“The most important thing lawyers do, in my opinion, is to
make sure that the parties are agreed.”
Often, Bark says, a business owner and buyer think they have
a deal worked out, but are looking at it two different ways, and
problems can arise when it comes to actually signing the paper-
work. “You have to make sure you’re agreeing to what you think
you’re agreeing to. Lawyers are good at that. That’s part of their
When a sale is made, lawyers are also needed to document the
purchase and to make it legally binding, he says. That includes
putting everything down on paper so if there’s an argument down
the road it can be resolved, something that’s paramount if the deal
An accountant, meanwhile, is also essential, especially if they’re
a skilled valuator, Bark says, because they have the background
and expertise to figure out the true worth of a business.
Kimberly Whaley, principal of Whaley Estate Litigation in Toronto, says investment advisors and estate
planners should also be part of the mix
when succession plans are being prepared or
carried out, particularly if it’s a family business, because they can provide solid financial advice to business owners.
For example, an investment advisor is invaluable in the event the owner of a family
business wants to use part of the proceeds
from a sale to set up a trust for a dependent
with a disability, she says.
The advisor would be able to crunch the
numbers from a pending sale and determine
what the value of a trust must be in order to
yield the rate of return that’s needed for the
dependent, she says.
Estate planners are also invaluable because they often have a long list of professional contacts they can call on to help out
if additional expertise is needed, she says.
So how do you pick the right professionals
to prepare and carry out a succession plan?
When bringing a lawyer or accountant
into the fold, Whaley says businesses should
first look to those who are already working
with them — provided they’re competent and have been doing a
It makes sense, she says, because they should already have a
good handle on the business.
“You wouldn’t want to be bringing somebody new into the equa-
tion. You’d want somebody who is already familiar with your port-
folio of assets.”
For lawyer Lillico, it’s important for barristers and accountants
to have experience either purchasing or selling a business, al-
though he concedes that should not be the only consideration.
“I don’t mean the only accountant you go to is the one who
specializes in purchases and sales, but you don’t want somebody
learning on your back kind of thing.
“The guy may also be well qualified but it’s also no good if it
takes two months to get through to him on the phone.”
To identify a good prospect, he suggests talking to other business
owners to find out who does succession planning work, then arranging a personal meeting.
At that meeting, the business owner should tell the professional
what they’re planning and ask the lawyer or accountant if they
can provide support and what it might cost, he says.
“You go in and talk to the lawyer and say: ‘I’m thinking about
doing this. Can you please relate to me your experience in do-
ing this?’ ”
At the end of the day, he says, the business owner should also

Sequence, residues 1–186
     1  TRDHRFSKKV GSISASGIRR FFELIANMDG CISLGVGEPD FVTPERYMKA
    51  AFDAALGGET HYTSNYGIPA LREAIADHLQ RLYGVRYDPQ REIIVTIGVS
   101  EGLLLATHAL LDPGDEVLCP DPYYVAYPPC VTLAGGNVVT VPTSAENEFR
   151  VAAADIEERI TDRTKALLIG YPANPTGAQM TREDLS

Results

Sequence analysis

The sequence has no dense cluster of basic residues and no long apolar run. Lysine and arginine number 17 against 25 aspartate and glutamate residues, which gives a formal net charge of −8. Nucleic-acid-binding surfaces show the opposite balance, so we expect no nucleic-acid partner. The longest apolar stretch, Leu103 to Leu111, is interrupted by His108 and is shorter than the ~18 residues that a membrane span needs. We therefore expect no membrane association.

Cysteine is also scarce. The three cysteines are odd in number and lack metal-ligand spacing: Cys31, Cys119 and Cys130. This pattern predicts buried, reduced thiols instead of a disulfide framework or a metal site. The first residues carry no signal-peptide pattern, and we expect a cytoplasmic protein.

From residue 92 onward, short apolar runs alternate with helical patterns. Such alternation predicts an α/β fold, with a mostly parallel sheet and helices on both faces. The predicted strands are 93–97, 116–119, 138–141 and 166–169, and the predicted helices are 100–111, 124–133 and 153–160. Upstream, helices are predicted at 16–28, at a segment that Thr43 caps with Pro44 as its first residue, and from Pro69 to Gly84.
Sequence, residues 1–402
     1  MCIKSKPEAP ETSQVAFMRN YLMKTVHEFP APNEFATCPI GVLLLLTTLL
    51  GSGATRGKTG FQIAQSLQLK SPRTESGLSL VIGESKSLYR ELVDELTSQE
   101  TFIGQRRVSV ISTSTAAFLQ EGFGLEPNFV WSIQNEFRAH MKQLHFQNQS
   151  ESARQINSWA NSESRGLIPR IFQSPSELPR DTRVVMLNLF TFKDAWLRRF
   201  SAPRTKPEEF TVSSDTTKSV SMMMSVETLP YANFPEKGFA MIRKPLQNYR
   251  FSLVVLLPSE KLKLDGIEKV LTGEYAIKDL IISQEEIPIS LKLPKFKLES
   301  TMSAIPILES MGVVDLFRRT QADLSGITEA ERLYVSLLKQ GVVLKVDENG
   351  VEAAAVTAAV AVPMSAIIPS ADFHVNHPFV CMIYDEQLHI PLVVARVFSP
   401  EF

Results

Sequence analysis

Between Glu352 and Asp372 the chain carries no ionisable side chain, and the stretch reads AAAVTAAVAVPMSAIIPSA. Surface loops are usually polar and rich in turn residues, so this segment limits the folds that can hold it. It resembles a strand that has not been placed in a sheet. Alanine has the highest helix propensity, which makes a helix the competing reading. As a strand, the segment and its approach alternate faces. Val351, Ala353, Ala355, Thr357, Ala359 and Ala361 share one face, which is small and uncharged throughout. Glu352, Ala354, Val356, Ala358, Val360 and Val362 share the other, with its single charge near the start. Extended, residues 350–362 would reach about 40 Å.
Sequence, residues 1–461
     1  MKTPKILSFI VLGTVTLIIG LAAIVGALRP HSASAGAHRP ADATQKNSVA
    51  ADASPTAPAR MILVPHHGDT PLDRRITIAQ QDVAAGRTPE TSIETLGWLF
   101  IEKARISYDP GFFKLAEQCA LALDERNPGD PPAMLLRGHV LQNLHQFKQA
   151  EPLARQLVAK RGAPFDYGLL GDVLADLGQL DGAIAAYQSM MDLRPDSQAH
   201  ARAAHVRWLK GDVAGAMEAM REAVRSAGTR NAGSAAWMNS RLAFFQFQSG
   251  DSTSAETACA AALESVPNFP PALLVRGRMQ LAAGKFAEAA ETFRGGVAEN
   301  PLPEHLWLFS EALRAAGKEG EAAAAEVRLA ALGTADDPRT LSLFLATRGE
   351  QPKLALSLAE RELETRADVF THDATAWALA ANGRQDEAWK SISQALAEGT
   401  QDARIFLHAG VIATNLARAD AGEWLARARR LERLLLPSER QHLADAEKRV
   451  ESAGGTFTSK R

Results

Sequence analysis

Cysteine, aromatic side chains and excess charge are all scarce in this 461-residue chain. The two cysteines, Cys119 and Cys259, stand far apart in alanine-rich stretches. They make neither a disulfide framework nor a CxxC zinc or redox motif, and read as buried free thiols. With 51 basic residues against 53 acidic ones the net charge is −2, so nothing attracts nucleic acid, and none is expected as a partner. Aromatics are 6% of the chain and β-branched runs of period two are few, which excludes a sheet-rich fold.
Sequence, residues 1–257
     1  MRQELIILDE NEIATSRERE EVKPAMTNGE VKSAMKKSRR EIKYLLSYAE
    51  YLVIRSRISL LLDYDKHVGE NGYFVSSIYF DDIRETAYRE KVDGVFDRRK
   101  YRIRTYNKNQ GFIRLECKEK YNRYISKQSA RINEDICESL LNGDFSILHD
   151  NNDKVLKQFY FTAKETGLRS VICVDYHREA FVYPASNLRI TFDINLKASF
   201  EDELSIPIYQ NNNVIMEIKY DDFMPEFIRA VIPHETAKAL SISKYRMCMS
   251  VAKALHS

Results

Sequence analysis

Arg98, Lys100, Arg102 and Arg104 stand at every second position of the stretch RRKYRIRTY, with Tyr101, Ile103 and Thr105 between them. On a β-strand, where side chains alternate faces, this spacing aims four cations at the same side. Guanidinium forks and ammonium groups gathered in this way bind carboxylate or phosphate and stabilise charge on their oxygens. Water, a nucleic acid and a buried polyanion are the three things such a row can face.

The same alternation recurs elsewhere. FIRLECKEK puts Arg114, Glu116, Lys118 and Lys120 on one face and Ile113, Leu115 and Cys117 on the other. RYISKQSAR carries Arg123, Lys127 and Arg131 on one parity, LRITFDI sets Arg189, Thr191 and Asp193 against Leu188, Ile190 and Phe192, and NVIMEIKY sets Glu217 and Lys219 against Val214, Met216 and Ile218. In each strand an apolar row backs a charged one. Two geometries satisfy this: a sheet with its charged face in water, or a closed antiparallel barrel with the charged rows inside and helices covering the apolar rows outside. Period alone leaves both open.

ask for references.
While lawyers can’t just disclose their clients, they can speak
to people they’ve dealt with in the past and ask for a reference,
Chartered accountant Bark, meanwhile, recommends that business owners do some digging on their own and look for professionals who can work as part of a succession planning team.
He suggests business owners ask around and get leads on professionals who can help them.
“Do your own research to find the best
fit, and that’s often a gut feeling to start,
but then you have to do your due diligence,” he says.
Once the list has been narrowed, Bark
suggests that business owners go out and
meet prospects, keeping in mind they have
to be team players.
A problem with many professionals, he
says, is that they’re good at what they do
but they’re also very narrow-minded and
don’t work well with others.
“You need a person who’s going to be
working for you — whether it be a lawyer, a
negotiator or accountant— who is a team
guy. You want someone who can look at
the big picture.”
Accountants are great at doing tax re-
turns and financial statements, Bark says,
but business owners who are transferring
ownership need someone who’s more than
a number cruncher.
When choosing professionals, Bark also
suggests that business owners look for good
communication skills, especially when picking a lawyer, because
they are often the key facilitator.
“A legal mindset is a tremendous tool,” he says. “But it’s no
good to be a tremendous lawyer if you can’t tell your client what
you’re doing and why.”
As for fees, business owners can expect to pay varying rates
when seeking the help of professionals, depending on the com-
plexity of their transaction and the size of the venture.
A big problem, according to Whaley, is that many business
owners try to cut corners when they draw up succession plans and
it leads to problems when the business is sold or transferred.
“People always like to do shortcuts and want to get their planning done for a cost which is minimal. But I think a well thought
out plan at the beginning, even if it costs you more money, costs
less down the road because if it’s properly implemented you won’t
end up in a litigious situation.” END
— Steven Bark,